From Quiz A History of Manitoba (1870-1900)

Answer: The postage stamp province

The initial size of the province of Manitoba was 33,280 square kilometers (1/18th of present day area) around the Red River Settlement.

5. Who was the first white man to see the place that would one day become the Red River Settlement and later Winnipeg?

From Quiz A History of Manitoba (till 1870)

Answer: Pierre de La Verendrye

Born in Québec in 1685, La Verendrye began his expedition to Western Canada in 1731, and reached the prairies in 1732. The first white man to see Manitoba was Sir Thomas Button, who wintered at the mouth of the Nelson River in 1612.

6. The founding of the Selkirk Settlement as an agricultural center sparked an early 19th century conflict between powerhouses in what other industry?

From Quiz History of Winnipeg

Answer: Fur

The Selkirk Settlement (also called Red River Colony) was founded in 1811 in and around the area that is now Winnipeg. However at this time, the main industry was fur and fur trading. Since much of the land had been converted into agricultural purposes, this severely limited the area the Hudson Bay Company and its rival the North West Company had for the fur trading. This sparked a series of conflict between the two businesses which escalated into burning down forts and several murders.

7. This resource was discovered near Virden in 1951 - can you name it?

From Quiz A History of Manitoba (1950-1975)

Answer: Oil

Virden is located on the Trans-Canada Highway halfway between Winnipeg and Regina.

8. In 1906, with population growth in the three prairie provinces at an explosive rate, the Canadian government conducted a special census for just these three provinces. What was the population of Winnipeg at the time?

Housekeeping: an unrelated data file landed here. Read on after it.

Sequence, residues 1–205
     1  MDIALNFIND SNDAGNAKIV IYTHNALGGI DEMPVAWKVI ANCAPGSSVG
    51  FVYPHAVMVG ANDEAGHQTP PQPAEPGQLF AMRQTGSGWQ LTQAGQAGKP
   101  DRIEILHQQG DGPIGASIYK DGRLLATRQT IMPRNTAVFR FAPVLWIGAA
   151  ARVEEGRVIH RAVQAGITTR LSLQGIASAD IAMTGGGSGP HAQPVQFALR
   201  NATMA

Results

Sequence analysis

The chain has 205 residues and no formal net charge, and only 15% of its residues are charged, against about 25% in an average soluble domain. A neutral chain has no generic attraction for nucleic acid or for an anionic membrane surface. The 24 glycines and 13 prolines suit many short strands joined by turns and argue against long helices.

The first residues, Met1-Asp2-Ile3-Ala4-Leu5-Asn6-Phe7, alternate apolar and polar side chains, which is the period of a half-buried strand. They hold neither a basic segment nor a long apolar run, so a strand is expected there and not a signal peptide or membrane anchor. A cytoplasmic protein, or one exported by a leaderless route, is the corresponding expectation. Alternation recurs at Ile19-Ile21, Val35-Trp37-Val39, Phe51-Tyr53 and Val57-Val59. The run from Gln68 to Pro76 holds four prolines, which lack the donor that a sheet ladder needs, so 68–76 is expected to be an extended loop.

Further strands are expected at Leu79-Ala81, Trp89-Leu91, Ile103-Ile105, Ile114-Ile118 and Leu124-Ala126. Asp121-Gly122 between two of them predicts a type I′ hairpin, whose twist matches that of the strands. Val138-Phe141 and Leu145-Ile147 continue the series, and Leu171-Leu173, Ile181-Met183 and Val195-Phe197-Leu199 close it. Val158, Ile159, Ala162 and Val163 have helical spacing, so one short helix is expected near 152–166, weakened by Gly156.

From Quiz A History of Manitoba (1900-1925)

Answer: 90,153

Much of Winnipeg's population at the time was due to its use as a transfer point for destinations further west. In comparison, Calgary had a population of 11,967, Edmonton had 11,167, and Brandon (in Manitoba) was almost as large as these with a population of 10,408. Regina was somewhat lower at 6,169.

9. The word "Manitoba" comes from "Manitou bou," which translates as "the narrows of the Great Spirit" from which Native language?

From Quiz A History of Manitoba (1870-1900)

Answer: Ojibwe

The first inhabitants of the "Postage Stamp Province" were the Assiniboine Indians, the nomadic Cree Indians, the Métis, and the settlers that had come from the east. In addition to the Ojibwe 'Manitou Bou' (meaning 'the narrows of the Great Spirit)', another likely candidate for the origin of 'Manitoba' comes from the Cree 'manitowapow', which has the same meaning as 'Manitou Bou', with both terms referring to the place that is called the 'Lake Manitoba Narrows' today.

10. The development of the fur trade in Western Canada led to the intermixing of the French traders and the aboriginal people living there. The Métis were called something that reflected their unique status in the land. What was it?

From Quiz A History of Manitoba (till 1870)

Answer: Freemen & Free Men & Gens libres

Being of mixed ancestry, the Métis were bound by neither Indian custom nor fur trade company laws. Thus, they were called freemen or, in French, gens libres. There were many insulting terms though, which don't warrant mentioning here. The Métis call themselves 'The Forgotten People'.

11. What was the name of the illegal trade routes that sprouted up in the early 19th century, between the Red River Colony and the U.S. state of Minnesota?

From Quiz History of Winnipeg

Answer: Red River Trails

The Red River Trails were fur trading routes that allowed the Metis people and others in the Red River Colony bypass the Hudson Bay's Company monopoly on fur and trade with settlers in Minnesota. While the Red River Trails were not as contentious as other routes, there was some tension between Britain and the United States as both nations feared the constant crossing of international borders and the Mississippi River would cause boundary disputes.

12. How many rebellions did Riel take part in?

From Quiz Louis Riel's Rebellion

Answer: 2